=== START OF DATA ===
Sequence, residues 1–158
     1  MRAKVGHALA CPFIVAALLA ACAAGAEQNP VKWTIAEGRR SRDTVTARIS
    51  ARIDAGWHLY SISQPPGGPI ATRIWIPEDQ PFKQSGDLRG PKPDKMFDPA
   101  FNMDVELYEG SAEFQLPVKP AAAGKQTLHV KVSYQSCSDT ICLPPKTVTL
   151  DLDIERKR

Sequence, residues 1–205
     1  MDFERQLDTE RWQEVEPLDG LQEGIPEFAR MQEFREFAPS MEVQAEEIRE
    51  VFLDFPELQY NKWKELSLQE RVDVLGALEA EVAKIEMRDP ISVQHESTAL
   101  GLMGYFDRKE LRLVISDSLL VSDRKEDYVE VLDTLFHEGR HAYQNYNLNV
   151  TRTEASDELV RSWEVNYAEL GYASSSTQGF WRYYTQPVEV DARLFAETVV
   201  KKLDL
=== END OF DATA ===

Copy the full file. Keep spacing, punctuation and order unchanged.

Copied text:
Sequence, residues 1–158
     1  MRAKVGHALA CPFIVAALLA ACAAGAEQNP VKWTIAEGRR SRDTVTARIS
    51  ARIDAGWHLY SISQPPGGPI ATRIWIPEDQ PFKQSGDLRG PKPDKMFDPA
   101  FNMDVELYEG SAEFQLPVKP AAAGKQTLHV KVSYQSCSDT ICLPPKTVTL
   151  DLDIERKR

Sequence, residues 1–205
     1  MDFERQLDTE RWQEVEPLDG LQEGIPEFAR MQEFREFAPS MEVQAEEIRE
    51  VFLDFPELQY NKWKELSLQE RVDVLGALEA EVAKIEMRDP ISVQHESTAL
   101  GLMGYFDRKE LRLVISDSLL VSDRKEDYVE VLDTLFHEGR HAYQNYNLNV
   151  TRTEASDELV RSWEVNYAEL GYASSSTQGF WRYYTQPVEV DARLFAETVV
   201  KKLDL